OWN Goal: Oprah and Discovery Poised for Lance Armstrong Boost as Ratings, Fees Soar

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As Lance Armstrong’s personal brand and fortune hits the skids, Oprah Winfrey’s OWN and partner Discovery Communications are reaping the benefits.

The question is to what extent the interview with the disgraced cyclist will serve as a turning point for her eponymous network, which launched on Jan. 1, 2011.

Discovery has invested more than $400 million in OWN, and says the channel will turn a profit for the first time in the second half of 2013.

OWN is turning a corner on per-subscriber fees from some of the biggest U.S. cable and satellite operators, with a reach of 83 million homes and the contractual ability to boost those subscriber fees two years post-launch now kicking in.

So is OWN finally ready for prime time, and will the Armstrong exclusive enhance the network’s performance?[more]

Winfrey’s Q Score slipped from 31 in 2010 among adult women to 22 in 2012, but hopes are high that the Armstrong interview will finally put OWN where Discovery hoped it would be from the start. “They see a lot more to do, but they think they’re on the right track now,” Paul Maxwell of MediaBiz told The New York Times.

“OWN only truly works when she’s on it. When Oprah does what she does. And on Thursday, she did Lance,” The Hollywood Reporter‘s TV critic Tim Goodman commented.

Discovery — which has a history with Armstrong as a title sponsor of his cycling team, although OWN says the cyclist wasn’t paid for the OWN TV special — is leveraging the “worldwide exclusive” interview with Armstong, which attracted 4.3 million viewers the first night, for all it’s worth.

It raised advertising rates and has aired ads for other OWN programs — along with Internet and print ads — to ensure audience tune-in. Yet it failed to capitalize on the live-streaming video of the two-art special on Oprah.com and on OWN’s Facebook page because it didn’t have video ad insertion in place for the programming event. A huge missed opportunity, as part one of the two-night special attracted 600,000 online streams with viewers live streaming from 190 countries, also dominating social media throughout the programming event.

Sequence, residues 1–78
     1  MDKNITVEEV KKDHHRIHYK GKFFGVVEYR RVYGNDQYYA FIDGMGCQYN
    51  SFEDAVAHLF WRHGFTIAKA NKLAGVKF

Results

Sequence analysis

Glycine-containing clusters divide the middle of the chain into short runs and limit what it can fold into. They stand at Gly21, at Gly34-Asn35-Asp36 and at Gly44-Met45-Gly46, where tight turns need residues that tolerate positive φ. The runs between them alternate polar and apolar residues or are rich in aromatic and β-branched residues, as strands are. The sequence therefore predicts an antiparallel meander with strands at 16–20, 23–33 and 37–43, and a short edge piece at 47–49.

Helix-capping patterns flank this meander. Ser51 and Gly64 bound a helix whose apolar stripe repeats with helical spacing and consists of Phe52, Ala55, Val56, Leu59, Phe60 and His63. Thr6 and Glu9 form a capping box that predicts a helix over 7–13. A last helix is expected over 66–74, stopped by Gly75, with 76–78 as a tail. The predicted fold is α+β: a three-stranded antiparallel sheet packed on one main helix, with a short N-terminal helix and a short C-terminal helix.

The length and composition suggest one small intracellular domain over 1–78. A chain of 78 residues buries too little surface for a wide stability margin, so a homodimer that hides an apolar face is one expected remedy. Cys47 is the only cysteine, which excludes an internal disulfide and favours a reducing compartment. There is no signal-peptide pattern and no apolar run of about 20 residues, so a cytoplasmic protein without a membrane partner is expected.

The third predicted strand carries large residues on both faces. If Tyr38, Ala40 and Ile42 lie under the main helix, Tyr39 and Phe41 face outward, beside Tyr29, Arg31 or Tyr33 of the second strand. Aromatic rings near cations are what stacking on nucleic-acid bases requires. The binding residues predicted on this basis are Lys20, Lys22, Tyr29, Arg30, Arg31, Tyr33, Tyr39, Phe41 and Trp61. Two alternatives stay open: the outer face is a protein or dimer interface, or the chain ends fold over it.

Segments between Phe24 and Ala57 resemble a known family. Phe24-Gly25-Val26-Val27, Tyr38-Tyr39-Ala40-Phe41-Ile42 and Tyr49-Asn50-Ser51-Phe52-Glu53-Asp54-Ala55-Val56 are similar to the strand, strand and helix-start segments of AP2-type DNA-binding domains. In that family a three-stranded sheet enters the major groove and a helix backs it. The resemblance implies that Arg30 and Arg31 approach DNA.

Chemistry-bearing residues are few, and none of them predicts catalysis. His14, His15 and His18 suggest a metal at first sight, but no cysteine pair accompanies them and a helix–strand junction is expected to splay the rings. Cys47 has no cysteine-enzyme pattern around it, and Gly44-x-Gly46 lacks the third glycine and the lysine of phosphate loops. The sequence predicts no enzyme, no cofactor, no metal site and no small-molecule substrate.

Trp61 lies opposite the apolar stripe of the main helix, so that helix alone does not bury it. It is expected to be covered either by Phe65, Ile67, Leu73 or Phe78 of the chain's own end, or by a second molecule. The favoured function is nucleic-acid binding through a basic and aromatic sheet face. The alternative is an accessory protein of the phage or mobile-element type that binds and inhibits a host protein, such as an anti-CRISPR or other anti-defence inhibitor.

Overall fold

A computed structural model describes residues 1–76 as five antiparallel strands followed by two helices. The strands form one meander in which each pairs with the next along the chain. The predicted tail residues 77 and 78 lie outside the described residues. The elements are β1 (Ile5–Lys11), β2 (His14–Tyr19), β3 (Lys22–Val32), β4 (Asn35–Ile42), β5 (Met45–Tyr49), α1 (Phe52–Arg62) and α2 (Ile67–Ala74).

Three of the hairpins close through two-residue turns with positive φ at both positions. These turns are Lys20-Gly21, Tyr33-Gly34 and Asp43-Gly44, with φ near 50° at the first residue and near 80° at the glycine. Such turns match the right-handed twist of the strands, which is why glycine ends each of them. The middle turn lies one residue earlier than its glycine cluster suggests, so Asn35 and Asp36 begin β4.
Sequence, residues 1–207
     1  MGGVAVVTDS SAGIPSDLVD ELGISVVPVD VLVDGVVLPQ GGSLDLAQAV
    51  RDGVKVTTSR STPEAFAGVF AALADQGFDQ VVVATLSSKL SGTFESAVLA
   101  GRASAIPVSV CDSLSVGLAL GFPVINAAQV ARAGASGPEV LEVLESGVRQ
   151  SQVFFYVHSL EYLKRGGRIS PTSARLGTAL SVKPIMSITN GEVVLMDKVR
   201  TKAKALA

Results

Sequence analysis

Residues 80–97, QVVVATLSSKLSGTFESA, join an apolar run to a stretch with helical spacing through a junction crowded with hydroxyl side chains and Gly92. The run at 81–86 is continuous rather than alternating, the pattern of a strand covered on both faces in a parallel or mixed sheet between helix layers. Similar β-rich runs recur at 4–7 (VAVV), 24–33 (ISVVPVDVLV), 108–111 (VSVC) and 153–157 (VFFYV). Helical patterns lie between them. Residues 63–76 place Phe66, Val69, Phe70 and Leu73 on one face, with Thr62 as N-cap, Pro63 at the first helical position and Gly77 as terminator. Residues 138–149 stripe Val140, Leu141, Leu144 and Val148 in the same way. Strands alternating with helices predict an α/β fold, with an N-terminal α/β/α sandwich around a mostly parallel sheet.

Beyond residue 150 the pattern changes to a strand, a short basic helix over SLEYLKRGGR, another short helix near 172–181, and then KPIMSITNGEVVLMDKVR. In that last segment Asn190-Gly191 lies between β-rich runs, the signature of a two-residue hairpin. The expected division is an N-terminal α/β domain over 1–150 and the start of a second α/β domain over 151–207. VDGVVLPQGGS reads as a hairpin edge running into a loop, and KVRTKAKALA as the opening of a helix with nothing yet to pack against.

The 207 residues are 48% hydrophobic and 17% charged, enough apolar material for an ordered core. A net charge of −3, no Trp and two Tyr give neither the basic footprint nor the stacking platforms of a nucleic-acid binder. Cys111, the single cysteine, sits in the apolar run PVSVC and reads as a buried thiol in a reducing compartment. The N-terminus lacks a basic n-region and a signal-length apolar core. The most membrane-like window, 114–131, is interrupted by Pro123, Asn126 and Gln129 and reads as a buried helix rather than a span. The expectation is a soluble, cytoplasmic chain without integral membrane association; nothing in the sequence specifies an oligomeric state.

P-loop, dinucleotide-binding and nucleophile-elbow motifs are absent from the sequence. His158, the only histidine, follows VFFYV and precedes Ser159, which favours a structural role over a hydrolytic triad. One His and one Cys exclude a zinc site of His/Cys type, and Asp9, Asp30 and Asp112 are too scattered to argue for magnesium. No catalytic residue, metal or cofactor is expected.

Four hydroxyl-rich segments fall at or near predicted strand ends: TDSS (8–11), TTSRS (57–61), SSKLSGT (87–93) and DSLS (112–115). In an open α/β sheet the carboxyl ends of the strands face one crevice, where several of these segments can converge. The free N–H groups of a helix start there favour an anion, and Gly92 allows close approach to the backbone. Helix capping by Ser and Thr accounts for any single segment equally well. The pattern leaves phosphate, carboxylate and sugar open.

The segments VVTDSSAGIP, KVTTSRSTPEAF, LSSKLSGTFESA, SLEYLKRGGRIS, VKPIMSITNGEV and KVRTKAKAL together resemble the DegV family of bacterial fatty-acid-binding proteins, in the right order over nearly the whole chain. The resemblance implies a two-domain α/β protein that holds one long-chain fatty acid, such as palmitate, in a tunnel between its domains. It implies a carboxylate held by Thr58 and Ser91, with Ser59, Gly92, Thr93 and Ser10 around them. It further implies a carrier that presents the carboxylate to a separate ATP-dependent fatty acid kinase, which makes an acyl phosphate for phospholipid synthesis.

“Oprah and Lance Armstrong: The Worldwide Exclusive” reportedly charged about $100,000 for a two-spot ad buy, with advertisers “getting a spot in both nights of the special,” Ad Age reports. Ad Age estimated that’s about 40% to 50% more than advertisers would have paid for that much time during other major interviews or specials on the network — a premium for OWN, but still less than top cable shows typically command.

The TV special will also be simulcast in over 100 countries across Western Europe, Latin America and Asia-Pacific on Discovery Channel, TLC, DMAX and Home&Health, with additional international markets airing both episodes over the weekend.

“We’ve always said to ourselves, ‘Slow and steady, slow and steady,’ ” OWN co-president Erik Logan told The Times. The Armstrong exclusive “showcases the No. 1 asset this network has over everybody else — and that’s Oprah Winfrey.”

OWN has steadily captured a significant share of African-American women put off by youth-centric programming on competitors like BET. OWN’s audience is roughly one-third black.

The network recently inked a deal with Tyler Perry, the creative force behind “Madea’s Family Reunion” and TBS’  “Tyler Perry’s House of Payne.”

“Oprah’s Next Chapter,” the series that puts Oprah back in her daytime guise (which viewers love) as celeb interviewer and breezy chum to the famous, remains the key driver for ratings, although “Iyanla: Fix My Life” and “Welcome to Sweetie Pies” have held their own.

“The initial expectations for this network turned out to be unrealistic,” said Brad Adgate, analyst for Horizon Media. “Oprah wasn’t on camera. The shows weren’t all that good. The network got raked over the coals. People thought the network would be doing a million viewers (on average) and it’s doing a third of that.” 

The interview could boost OWN’s reach to 20 million subscribers, and possilbly, “they’ll be calling their cable operators and saying, ‘How come I’m not getting this?'” added Adgate.

Winfrey faulted OWN for “launching when we really weren’t ready to launch,” while she was still busy hosting her daytime talk show. But in October, she changed her tune on ABC’s “Good Morning America,” commenting, “We have made the pivot.”

Now, arguably, OWN has turned that corner. The question is how Winfrey and Discovery leverage it going forward.

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